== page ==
The remaining 50 students attending Etienne Brule Public School will be transferred to near-by schools in September 2014, the Algoma District School Board decided at its meeting Tuesday evening.
But the building will not be closed says board Chair Jennifer Sarlo.
The board made a commitment to continue to work with people in the community to see what role the building should take in the revitalization of the city's downtown core.
"First we'll look internally," says board Director Lucia Reece. "There may be programs we would like to relocate there."
Reece said the board will then, if there is space for more programs, consult the community to see what would work well in the building.
"We're not mothballing this building," she said. "It will continue to be maintained and used."
The board is just not sure for what at this time.
"One thing I saw around the table tonight, something I haven't seen before in this process and something that gives me hope, is emotion," said Reverend Pamela Rayment (pictured) from St. John the Evangelist Anglican Church.
Rayment, a member of the Etienne Brule Accommodation Review Committee, has been involved in the process of deciding what should be done with the school from the beginning and she's been advocating for it's continuation as a school.
On Tuesday evening she said the board's decision to close Etienne Brule Public School, the last elementary school in the Sault's downtown core, didn't really come as much of a surprise.
"I think we all saw this coming," she said after the meeting. "But something we didn't see before was this depth of feeling. I don't think people understood how seriously they (the board) took this decision."
Board Chair Jennifer Sarlo said the board has always been emotional about decisions to close schools and this decision was no exception.
"We all think about this very carefully throughout the process. It's never an easy decision but we have to consider the best interests of the students," she said. "That's what we're here for."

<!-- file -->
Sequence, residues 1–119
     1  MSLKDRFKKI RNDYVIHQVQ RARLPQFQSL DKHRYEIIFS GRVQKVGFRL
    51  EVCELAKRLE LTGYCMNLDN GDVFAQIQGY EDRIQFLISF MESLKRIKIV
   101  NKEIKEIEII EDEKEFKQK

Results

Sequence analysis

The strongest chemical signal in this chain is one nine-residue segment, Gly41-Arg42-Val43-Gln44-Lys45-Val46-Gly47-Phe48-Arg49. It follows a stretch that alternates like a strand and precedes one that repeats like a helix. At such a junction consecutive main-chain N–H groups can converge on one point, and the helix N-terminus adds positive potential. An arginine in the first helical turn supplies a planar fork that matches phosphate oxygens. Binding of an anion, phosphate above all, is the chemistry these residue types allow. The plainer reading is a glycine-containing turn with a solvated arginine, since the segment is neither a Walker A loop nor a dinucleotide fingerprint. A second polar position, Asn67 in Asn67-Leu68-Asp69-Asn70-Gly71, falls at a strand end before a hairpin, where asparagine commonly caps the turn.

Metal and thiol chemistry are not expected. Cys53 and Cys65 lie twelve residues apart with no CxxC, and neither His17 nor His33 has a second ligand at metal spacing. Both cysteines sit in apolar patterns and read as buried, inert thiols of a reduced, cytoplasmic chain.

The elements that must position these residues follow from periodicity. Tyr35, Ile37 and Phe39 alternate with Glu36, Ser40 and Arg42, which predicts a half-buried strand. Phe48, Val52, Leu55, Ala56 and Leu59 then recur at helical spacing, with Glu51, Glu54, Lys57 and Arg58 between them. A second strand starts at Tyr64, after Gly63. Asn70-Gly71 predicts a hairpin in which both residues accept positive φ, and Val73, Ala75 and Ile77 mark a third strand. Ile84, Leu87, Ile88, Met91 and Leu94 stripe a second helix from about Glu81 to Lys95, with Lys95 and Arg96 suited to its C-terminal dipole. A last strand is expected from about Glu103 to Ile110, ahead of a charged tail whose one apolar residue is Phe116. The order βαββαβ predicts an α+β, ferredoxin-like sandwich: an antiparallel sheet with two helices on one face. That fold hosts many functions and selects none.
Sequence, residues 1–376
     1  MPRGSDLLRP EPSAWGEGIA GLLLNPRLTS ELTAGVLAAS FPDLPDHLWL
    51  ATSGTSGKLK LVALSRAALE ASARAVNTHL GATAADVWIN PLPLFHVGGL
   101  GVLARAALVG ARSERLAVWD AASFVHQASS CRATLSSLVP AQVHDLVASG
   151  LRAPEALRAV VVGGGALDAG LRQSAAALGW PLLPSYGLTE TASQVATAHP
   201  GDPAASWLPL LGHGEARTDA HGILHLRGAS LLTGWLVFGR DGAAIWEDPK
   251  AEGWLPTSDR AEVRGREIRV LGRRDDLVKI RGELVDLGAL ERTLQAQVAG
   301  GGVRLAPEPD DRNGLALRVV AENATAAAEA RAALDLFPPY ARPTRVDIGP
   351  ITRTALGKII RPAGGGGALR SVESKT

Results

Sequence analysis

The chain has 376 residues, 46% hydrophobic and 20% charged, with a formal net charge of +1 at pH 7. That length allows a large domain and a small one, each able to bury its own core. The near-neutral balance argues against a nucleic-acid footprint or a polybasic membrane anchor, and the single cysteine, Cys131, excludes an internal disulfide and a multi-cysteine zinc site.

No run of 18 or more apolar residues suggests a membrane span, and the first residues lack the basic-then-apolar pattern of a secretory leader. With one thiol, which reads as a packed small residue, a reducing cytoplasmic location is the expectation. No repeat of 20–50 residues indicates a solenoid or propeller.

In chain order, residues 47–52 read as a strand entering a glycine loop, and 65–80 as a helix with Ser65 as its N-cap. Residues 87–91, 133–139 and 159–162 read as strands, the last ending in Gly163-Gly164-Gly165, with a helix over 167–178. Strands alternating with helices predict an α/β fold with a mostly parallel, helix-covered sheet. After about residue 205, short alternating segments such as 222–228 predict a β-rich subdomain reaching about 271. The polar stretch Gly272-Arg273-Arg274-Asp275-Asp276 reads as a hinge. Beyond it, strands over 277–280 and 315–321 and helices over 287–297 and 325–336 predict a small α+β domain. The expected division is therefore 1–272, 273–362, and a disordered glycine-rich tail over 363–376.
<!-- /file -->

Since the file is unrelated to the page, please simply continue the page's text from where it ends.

Reece agreed, saying the goal is never to close a school but, instead, to set students up for success.
"The reality is that the population of the downtown core is declining and much of what's left is transient," she told the board. "When we started to see triple grades in the school, we knew we had to take a look at it."
Just four days after the board announced the school was under review for possible closure, (in June, 2013), it became one of only 12 schools in the province to win the Premier's Award for Accepting Schools.
As reported earlier by SooToday.com, community members and Ward 4 Councillor Lou Turco advocated for the school, saying it was a vital part of the downtown core.
Sarlo said a decision to close a school is always more difficult when we see that the community or parents feel so strongly about the school's continued existence as a place of education for children and the board would love to make them happy by keeping the school running, but it isn't possible.
The board wouldn't be able to afford it and the students' education would be limited.
In this case, because the building is so important to the community and in good condition the board decided not to close it but to change it.
There may be programs that need a bigger home and perhaps other programs out there that would be a good fit for both the building and the community, said Reece.
"We have an opportunity to do more. We could offer programs and services to support families living in poverty; to help educate them," she told the board. "It's an opportunity to improve programming for our students [by transferring them to near-by schools] to all learners, and to the community."
Parents and guardians of students currently attending Etienne Brule will be consulted to see which of three area schools they would like to send the students to in September.
(PHOTO: Reverend Pamela Rayment speaks to Algoma District School Board March 24, 2014 at Etienne Brule School. SooToday.com/Donna Hopper)